The Global Epistemics Book Series – now launched, edited by Inanna Hamati-Ataya (Centre for Global Knowledges, University of Cambridge).
Global Epistemics is a transdisciplinary series established in partnership with Rowman & Littlefield International, that aims to foster, promote, and disseminate empirically grounded and theoretically ambitious research on knowledge as a cultural and natural phenomenon.
The series invites individual and collaborative works that efficiently transgress contemporary disciplinary boundaries across the historical, social, and natural sciences, to fruitfully advance our understanding of the nature, history, politics, pragmatics, and normative dimensions of human knowledges – their constitution, co-evolution, diffusion, cultural and material impacts, forms, and uses – as well as their relation to non-human knowledges and to evolving socio-ecological environments. We also invite approaches to animal (human and non-human) cognition that can redefine classical philosophical questions on knowledge and knowing, or delineate new areas and horizons for philosophical and ethical inquiry, on the basis of advanced empirical research and new research methodologies.
Grounded in an anthropologically holistic understanding of knowledge that encompasses its ideational, artistic, institutional, and material manifestations across history, as well as the full spectrum of historical modes of practical and intellectual validation (from ‘prehistorical’ to ‘modern’ paradigms, practices, and technologies and from ‘ancient’ to ‘modern’ science), the series also approaches globality simultaneously as totality, extension, and connectivity. It thus aims to advance naturalist, artisanal, and historical epistemologies beyond classical ontological and temporal divides; to explore the patterns of epistemic emergence, diffusion, and exchange across historical times, geocultural spaces, ecological contexts, and sociopolitical configurations; and to investigate modes of knowing and doing that illuminate human commonalities while making sense of our differences as manifestations of our cultural and behavioural plasticity.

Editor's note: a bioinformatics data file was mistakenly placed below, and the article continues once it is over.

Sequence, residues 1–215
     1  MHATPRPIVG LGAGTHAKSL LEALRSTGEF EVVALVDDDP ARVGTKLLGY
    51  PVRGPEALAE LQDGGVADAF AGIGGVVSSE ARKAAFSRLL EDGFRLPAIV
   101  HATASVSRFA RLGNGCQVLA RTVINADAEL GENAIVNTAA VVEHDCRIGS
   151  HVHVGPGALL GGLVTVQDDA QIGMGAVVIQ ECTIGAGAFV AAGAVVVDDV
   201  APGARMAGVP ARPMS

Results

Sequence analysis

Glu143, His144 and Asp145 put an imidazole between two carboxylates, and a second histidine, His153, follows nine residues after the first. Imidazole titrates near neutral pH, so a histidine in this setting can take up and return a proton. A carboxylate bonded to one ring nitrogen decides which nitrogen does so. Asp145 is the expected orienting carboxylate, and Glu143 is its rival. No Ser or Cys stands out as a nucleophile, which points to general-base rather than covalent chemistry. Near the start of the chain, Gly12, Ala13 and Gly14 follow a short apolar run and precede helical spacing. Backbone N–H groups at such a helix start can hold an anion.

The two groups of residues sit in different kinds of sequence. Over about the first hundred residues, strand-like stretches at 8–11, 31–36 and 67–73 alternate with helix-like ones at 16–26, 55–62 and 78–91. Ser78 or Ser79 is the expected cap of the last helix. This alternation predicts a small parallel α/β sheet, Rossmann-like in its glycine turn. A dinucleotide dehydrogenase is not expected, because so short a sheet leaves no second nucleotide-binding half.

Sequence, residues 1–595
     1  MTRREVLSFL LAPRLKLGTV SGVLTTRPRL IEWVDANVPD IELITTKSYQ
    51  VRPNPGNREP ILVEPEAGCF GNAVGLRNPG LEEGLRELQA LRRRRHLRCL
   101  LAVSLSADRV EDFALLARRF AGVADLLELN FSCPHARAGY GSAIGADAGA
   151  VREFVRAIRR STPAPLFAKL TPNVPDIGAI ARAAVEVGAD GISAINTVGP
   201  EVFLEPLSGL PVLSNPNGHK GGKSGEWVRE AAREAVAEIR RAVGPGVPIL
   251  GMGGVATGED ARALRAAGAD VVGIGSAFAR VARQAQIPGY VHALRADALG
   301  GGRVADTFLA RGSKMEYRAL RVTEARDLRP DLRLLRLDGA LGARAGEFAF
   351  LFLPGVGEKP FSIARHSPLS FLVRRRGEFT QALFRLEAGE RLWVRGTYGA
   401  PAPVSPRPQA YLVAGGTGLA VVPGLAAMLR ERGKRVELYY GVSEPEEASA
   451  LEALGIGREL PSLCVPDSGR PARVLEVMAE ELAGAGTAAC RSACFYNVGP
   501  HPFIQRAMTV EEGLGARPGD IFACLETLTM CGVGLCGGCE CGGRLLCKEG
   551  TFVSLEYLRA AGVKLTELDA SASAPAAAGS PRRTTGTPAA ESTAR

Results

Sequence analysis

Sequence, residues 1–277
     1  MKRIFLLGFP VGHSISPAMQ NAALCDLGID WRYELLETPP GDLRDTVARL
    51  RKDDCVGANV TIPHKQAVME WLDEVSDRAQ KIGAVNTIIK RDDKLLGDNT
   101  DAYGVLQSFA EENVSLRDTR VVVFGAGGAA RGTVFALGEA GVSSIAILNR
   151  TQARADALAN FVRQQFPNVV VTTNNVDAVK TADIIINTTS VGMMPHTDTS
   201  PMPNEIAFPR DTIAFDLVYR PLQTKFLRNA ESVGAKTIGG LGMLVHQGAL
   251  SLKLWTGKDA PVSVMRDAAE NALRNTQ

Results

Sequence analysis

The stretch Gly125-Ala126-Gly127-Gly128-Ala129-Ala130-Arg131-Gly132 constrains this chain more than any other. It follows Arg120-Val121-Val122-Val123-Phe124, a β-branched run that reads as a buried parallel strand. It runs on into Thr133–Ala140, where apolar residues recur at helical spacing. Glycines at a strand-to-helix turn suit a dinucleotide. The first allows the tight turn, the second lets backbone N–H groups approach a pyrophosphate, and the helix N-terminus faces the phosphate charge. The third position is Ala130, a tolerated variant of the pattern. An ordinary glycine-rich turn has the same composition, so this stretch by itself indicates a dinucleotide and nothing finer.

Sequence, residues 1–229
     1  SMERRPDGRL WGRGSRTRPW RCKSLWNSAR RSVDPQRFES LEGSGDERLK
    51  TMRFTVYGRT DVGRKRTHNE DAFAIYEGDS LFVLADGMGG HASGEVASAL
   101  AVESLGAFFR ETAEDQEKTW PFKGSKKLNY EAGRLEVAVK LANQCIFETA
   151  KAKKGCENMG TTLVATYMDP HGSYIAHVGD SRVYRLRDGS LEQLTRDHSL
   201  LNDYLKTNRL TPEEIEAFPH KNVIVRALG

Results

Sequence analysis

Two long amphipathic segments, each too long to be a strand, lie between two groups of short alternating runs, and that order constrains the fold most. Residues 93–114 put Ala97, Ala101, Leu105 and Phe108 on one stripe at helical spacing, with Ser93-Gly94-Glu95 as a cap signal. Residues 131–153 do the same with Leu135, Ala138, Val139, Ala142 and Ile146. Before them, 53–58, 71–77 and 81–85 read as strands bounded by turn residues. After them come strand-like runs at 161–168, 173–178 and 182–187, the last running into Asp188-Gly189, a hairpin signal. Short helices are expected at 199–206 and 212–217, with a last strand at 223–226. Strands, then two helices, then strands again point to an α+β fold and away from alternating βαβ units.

The series welcomes empirically grounded and intellectually robust contributions that serve its mission, regardless of their methodologies, conceptual frameworks, levels of analysis, temporal scope, or specific objects of investigation. This includes investigations of contemporaneous natural and cultural structures, processes, actors, and media of epistemic activity, as well as studies inscribed in the longue durée or deep-historical time, or addressing past or present knowledge from a comparative perspective. We are looking for projects that can speak to audiences across academic specialties, whether they aim to initiate new transdisciplinary work, disseminate the results of such research, or develop ambitious syntheses.
In addition to its transdisciplinary ambitions, the series hopes to showcase, and facilitate access to, cross-sectorial contributions to the understanding of human and non-human knowledge, especially in domains wherein epistemic activity is strongly grounded in artisanal, social, and technical praxis. We therefore encourage the submission of projects that engage with, and include, epistemic actors beyond the community of academics, scientists, and scholars, without deviating from the series’ commitment to robust research standards and clarity of scholarly communication. Such projects will be subjected to the same process and expectations of academic peer-reviewing.
Full details here.